A local effect, but one produced in the skin after absorption, is naturally more easily obtained. Oil of Mustard developed in a mustard poultice or plaster, - Cantharidin from its Collodion, Liquor, Emplastrum,Unguentum, or Tincture, - Croton Oil, Turpentine, Ammonia and Chloroform, readily pass through the skin and by reflex stimulation set up a more or less marked local inflammation and possibly a remote reflex effect. The student will note that the bases of Unguentum Cantharidis are more soluble in the skin than those of the Emplastrum and consequently contain a lower percentage of Cantharis. Atropine, morphine, cocaine, camphor, potassium iodide and salicylates all pass through the skin in quantities sufficient to produce local deep effects if they are combined with suitable bases such as the oils, wool-fat, and alcohol, and especially if they are aided by heat or rubbing or both. Such bodies as ammonia, chloroform, camphor, and turpentine, which by a local action after absorption lead to a dilatation of the vessels of the skin, aid in the more rapid absorption of such other bodies as can penetrate the skin, and this forms one reason for their inclusion in ointments, liniments, plasters. If the student, with these ideas in mind, will examine the pharmacopceial liniments and ointments he will gain a good idea of how he may perscribe for local and reflex effects by way of the skin.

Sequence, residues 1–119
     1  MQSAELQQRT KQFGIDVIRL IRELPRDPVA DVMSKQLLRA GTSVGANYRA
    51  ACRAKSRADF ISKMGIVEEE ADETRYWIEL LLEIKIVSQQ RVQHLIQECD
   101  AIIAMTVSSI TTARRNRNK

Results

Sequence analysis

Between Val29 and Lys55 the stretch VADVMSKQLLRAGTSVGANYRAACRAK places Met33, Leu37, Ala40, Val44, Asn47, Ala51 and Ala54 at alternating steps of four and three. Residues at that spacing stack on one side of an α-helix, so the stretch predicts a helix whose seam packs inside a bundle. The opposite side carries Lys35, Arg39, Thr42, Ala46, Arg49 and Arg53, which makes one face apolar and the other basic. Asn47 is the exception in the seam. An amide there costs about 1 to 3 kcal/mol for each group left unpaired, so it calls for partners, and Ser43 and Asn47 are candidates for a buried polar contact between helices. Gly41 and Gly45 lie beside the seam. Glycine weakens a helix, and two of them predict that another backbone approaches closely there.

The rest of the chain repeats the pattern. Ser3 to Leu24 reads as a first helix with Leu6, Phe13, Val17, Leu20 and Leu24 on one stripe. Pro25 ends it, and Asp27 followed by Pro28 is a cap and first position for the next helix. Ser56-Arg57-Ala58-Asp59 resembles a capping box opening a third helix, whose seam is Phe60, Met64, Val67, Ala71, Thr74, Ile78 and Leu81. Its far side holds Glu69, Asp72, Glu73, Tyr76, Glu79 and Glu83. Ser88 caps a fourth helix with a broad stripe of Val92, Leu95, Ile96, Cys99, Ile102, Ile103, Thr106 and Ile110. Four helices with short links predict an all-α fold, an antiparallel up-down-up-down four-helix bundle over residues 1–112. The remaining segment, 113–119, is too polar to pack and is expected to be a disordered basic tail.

Lead Plaster is largely used for mechanical and supporting purposes, but none of the other pharmacopceial plasters save those of Cantharis and possibly Belladonna are frequently employed.

An antiseptic in the form of boracic acid 5%, salicylic acid 1/4%, or benzoic acid 1%, is frequently added to dusting powders consisting of talc, starch, or zinc oxide, or to ointments containing some such inert protective powder, (e.g. Unguentum Zinci Oxidi).